The Ambassador in Brazil (Morgan) to the Secretary of State

No. 3466

Sir: With the departure for home of the American Naval Mission to Brazil at the end of January, 1931, I have the honor to request that the Department will discuss with the Navy Department the reassignment of a Naval Attaché to this Embassy. The office of Naval Attaché was discontinued when Captain William Alden Hall, U. S. N., who was assigned in June, 1927, was detailed as a member of the Naval Mission in April, 1929, and employed as an instructor in the Brazilian Naval War College. For a number of years after the Mission was established, however, the Navy Department continued to be represented by an attaché.

A new naval attaché might be instructed not only to perform the usual duties of his office, but to serve as a liaison officer between the Brazilian Navy and the traditions of cooperation between the American and Brazilian navies which the Mission during the period of eight years has so efficiently created and developed. It would be indeed regrettable if the moral effect of what has been accomplished should be allowed to fade out because the preservation of suitable means were wanting. Certain departments of the Brazilian Navy must for many years depend on foreign assistance, and when national finances improve, a few foreign officers will be engaged for the Naval War College and for certain technical departments. As large a mission as the one which is to be discontinued will not be necessary because it cannot be adequately employed until the material of the naval service is increased by additional naval vessels of one or another category. The presence of an American Naval Attaché, especially if he has Mission’s associations, will perpetuate the influence of the United States in the Brazilian Navy and will discourage that Navy from turning to European Powers for technical assistance and advice.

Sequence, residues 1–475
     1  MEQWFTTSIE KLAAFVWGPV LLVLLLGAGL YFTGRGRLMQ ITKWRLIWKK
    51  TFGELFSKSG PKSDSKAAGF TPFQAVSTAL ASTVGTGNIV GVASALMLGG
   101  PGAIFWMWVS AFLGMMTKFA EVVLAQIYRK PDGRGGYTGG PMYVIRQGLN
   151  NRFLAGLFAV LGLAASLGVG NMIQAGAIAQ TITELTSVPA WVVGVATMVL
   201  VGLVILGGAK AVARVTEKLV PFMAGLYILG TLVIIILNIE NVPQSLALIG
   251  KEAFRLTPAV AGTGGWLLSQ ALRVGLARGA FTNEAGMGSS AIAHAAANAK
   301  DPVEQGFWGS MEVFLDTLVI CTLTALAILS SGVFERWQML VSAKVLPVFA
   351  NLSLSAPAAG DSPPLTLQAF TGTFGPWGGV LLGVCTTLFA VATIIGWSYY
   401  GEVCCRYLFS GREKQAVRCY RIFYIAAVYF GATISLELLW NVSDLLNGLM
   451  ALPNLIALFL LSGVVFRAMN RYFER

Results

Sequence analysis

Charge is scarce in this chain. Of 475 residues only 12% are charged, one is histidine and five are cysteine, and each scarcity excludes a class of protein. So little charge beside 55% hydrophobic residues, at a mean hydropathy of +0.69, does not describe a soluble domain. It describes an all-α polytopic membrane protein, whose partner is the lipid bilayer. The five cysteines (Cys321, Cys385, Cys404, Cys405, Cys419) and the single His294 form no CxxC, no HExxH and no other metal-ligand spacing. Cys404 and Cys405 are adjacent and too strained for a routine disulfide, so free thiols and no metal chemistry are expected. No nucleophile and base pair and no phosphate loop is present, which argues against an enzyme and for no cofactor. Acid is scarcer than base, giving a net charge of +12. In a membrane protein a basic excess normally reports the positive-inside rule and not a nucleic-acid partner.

I recommend, therefore, that Lieutenant Commander W. H. P. Blandy, U. S. N., who recently arrived to join the Mission, and who having two years shore duty before him need not soon go afloat, shall be detailed as Naval Attaché. Since he and his family are already established in Rio de Janeiro, the Navy Department will be saved the expense of transportation. Personally and professionally he is well equipped for attaché’s duty, and the contacts which he has already made and which he will increase in local naval circles are sound. His rank under existing conditions is sufficiently adequate to prevent embarrassment to himself or to the service from the fact that it is not of higher grade, and he informs me that he will gladly perform the Attaché’s duty if the Navy Department shall detail him.

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The Foreign Minister has told me that the only Naval Attaché whom the Brazilian Navy intends, if possible, to maintain in a foreign capital is the Attaché in Washington, D. C.

The subject of this despatch is of unusual importance for the maintenance of our prestige and I bespeak the Department’s earnest consideration of my proposals.

Respectfully yours,

Edwin V. Morgan